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Auntie SparkNotes: Should I Try to Help This Toxic Guy?

Auntie SparkNotes: Should I Try to Help This Toxic Guy?

Kat Rosenfield

Dear Auntie,

I have been missing a guy I met some months ago, let's call him J. I started talking to J because I had a strong crush on him and things were going fine, at least I managed to have a cool friendship with him. The problem was that he has some kind of double personality. He is a really damaged person and I understand his attitude because, from what he told me, his parents try to make him feel horribly guilty just for being gay and I think they have never been exactly good parents.

He has developed an amazingly toxic attitude and it's shocking to see that because he used to be so sweet when talking to me, but an authentic a**hole if you give him a mean look (it's not an exaggeration, it really happened.)
So, I decided to put distance between us. I didn't need that kind of negativity in my life.

A few weeks ago, my best friend (they go to the same school) told me that J had a really strong fight with his parents; they found out that he has a boyfriend and they kicked him out. As far as I know, J is looking for a room to rent and found a job in a grocery store (with horrible pay, of course; he's only 17 and he has no experience) and I worry about his situation.

His boyfriend doesn't care about him at all (in fact, J needs to beg him for everything; even his boyfriend has told him to prepare for a cheat or a break-up). Also J doesn't have a lot of friends (mostly because of his nasty attitude) and is only relying on my friend. I know it stopped being my business when I decided to stop talking to him, but it breaks my heart that I'm aware of the suffering he is going through, but he is stubborn AF and he would rather die before accepting my help.

Should I at least give it a try or it will be best for me if I leave him with his life?

Let me put it this way, Sparkler: Remember that moment, several months ago, when you observed that J's toxic negativity was having a not-so-great impact on your life, and you made a decision to distance yourself? That was the relationship equivalent of being inside a building, smelling smoke, and heading for the exits without further ado.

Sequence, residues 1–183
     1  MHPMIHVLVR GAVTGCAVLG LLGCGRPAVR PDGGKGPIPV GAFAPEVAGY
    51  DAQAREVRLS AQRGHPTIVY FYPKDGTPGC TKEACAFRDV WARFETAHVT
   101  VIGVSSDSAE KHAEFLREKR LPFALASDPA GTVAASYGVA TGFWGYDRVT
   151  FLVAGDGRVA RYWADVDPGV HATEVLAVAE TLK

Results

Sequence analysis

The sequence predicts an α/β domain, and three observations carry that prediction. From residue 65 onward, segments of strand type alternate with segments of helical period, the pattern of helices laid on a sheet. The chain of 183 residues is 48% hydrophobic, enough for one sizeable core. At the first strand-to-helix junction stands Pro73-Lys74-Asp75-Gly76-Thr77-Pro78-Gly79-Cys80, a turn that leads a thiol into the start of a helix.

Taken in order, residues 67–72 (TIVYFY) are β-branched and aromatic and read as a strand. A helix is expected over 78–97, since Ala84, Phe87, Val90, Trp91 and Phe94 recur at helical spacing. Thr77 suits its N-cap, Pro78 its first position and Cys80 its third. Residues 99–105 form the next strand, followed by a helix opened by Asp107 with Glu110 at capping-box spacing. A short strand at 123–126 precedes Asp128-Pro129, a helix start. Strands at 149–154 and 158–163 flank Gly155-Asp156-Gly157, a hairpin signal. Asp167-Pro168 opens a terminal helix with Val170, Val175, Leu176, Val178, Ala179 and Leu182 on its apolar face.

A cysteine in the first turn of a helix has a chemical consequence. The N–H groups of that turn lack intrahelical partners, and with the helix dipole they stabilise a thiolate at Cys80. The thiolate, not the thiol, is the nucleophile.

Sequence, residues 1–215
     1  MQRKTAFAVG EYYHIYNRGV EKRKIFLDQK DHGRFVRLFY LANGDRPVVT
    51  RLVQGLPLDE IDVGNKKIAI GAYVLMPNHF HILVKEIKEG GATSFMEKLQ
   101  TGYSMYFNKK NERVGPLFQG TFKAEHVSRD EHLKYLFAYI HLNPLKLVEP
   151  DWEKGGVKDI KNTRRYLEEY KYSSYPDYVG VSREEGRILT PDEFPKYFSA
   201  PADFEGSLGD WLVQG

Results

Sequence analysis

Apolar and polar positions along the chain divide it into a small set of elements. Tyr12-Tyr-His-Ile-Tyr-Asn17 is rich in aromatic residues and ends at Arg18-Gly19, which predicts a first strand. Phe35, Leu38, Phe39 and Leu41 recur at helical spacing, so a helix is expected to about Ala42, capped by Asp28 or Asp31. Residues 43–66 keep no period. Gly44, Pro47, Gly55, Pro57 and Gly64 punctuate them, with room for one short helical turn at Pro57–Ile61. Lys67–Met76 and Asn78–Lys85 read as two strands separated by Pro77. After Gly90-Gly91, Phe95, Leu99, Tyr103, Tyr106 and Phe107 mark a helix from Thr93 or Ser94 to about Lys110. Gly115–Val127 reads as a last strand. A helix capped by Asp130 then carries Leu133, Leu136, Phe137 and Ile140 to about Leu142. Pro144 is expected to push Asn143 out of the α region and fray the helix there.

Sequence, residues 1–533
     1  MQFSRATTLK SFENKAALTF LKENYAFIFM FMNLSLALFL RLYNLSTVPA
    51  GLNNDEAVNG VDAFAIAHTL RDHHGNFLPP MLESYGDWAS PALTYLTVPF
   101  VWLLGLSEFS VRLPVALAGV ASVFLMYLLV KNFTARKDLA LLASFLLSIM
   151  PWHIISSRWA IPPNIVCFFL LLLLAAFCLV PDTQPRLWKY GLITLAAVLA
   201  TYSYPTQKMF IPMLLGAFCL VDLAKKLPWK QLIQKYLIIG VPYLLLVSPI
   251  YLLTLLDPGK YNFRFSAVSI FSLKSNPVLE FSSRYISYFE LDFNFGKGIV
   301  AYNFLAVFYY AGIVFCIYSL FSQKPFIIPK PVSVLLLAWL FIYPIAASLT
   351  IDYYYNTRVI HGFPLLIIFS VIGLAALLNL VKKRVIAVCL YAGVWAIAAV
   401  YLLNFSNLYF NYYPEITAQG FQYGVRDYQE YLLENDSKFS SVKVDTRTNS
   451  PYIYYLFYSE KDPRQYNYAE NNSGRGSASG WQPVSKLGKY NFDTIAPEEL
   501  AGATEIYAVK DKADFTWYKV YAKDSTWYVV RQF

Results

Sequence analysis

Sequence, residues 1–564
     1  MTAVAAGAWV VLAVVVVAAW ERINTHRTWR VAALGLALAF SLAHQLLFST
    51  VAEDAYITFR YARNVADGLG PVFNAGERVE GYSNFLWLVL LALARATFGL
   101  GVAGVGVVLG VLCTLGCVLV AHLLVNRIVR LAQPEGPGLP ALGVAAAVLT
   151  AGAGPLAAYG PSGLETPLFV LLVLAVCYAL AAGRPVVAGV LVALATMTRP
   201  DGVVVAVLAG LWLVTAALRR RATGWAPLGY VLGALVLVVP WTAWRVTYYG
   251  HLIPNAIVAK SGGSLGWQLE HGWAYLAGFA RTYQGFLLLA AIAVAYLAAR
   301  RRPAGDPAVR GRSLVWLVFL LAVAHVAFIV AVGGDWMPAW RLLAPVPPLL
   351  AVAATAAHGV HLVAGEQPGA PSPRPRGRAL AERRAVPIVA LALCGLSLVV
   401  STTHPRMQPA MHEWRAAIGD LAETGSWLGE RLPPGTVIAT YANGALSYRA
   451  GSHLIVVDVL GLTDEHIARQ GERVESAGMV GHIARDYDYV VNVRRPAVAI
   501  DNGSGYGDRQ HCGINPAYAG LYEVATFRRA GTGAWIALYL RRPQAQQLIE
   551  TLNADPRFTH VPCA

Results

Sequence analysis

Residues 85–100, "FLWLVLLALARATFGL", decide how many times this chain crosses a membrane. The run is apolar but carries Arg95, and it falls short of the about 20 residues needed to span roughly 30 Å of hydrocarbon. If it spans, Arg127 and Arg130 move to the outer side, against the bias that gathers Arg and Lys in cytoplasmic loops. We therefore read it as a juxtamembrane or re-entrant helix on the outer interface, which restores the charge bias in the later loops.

Whereas what you're considering now is the relationship equivalent of re-entering that same building, which is now fully engulfed in flames that you have absolutely no means of putting out, for no other reason than that it was making you feel bad to watch it burn.

All of which is to say, you have a really golden opportunity here to remain uninvolved with a guy you identified early on, with good reason, as someone with whom involvement would be unhealthy. Please take it.

And while you're at it, please let this be a valuable lesson in the limits of your control when it comes to saving other people from themselves. It's not that you can't feel bad for this guy; it's normal and natural that you do, especially when you once had tender feelings toward the better self lurking somewhere underneath all his asshat behavior. But if you weren't in a position then to rescue him from his self-sabotaging tendencies, you're in even less of one now. Like the song says, he's just somebody that you used to know—and it should tell you something about your place in all this that you're only hearing about his sad situation in the form of secondhand gossip from your friend.

Oh, and speaking of your friend? If you want to direct your concerned energy somewhere appropriate and appreciated, I'd like to suggest you direct it toward him. Let yourself be an ear if he needs someone to talk to, and let yourself be the person who gives him a gentle reality check, if he needs it, about not getting so invested in caring for J that he stops taking care of himself. Supportive people need support, too. And considering that your best friend is currently playing therapist to an angry, needy, damaged guy in a continual state of crisis, he could probably use his own somebody to lean on… and maybe a pizza.

Got something to say? Tell us in the comments! And to get advice from Auntie, email her at advice@sparknotes.com.
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Topics: Life
Tags: auntie sparknotes, relationships, advice, toxic friends

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About the Author
kat_rosenfield

Kat Rosenfield is a writer, illustrator, advice columnist, YA author, and enthusiastic licker of that plastic liner that comes inside a box of Cheez-Its. She loves zombies and cats. She hates zombie cats. Follow her on Twitter or Tumblr @katrosenfield.

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